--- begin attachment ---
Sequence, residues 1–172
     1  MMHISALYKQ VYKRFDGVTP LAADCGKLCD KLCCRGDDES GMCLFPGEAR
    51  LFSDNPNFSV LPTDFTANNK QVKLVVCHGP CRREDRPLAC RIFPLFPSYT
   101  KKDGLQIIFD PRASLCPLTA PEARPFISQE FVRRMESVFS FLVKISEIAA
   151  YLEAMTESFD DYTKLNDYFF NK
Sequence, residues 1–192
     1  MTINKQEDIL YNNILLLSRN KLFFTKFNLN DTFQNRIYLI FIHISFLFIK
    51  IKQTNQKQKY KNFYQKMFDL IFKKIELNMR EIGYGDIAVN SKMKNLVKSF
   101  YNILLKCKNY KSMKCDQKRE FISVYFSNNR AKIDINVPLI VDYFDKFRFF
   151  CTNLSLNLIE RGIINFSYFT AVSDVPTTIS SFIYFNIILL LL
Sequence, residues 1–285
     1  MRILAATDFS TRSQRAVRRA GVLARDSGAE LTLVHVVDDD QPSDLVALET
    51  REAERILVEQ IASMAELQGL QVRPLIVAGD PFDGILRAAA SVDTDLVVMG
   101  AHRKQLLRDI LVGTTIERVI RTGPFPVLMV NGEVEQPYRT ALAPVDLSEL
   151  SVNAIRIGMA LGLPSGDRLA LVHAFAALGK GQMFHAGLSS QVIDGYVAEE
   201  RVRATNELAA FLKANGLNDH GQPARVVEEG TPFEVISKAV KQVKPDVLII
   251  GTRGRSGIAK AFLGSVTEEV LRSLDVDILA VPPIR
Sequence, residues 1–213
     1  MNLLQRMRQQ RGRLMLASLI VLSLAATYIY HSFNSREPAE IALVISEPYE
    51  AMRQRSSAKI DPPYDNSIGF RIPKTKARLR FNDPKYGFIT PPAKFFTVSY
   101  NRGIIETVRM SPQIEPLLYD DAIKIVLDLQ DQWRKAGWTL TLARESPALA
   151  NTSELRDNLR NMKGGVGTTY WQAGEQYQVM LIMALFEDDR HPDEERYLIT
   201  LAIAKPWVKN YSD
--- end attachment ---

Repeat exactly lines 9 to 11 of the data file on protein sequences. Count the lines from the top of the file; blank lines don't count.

   101  YNILLKCKNY KSMKCDQKRE FISVYFSNNR AKIDINVPLI VDYFDKFRFF
   151  CTNLSLNLIE RGIINFSYFT AVSDVPTTIS SFIYFNIILL LL
Sequence, residues 1–285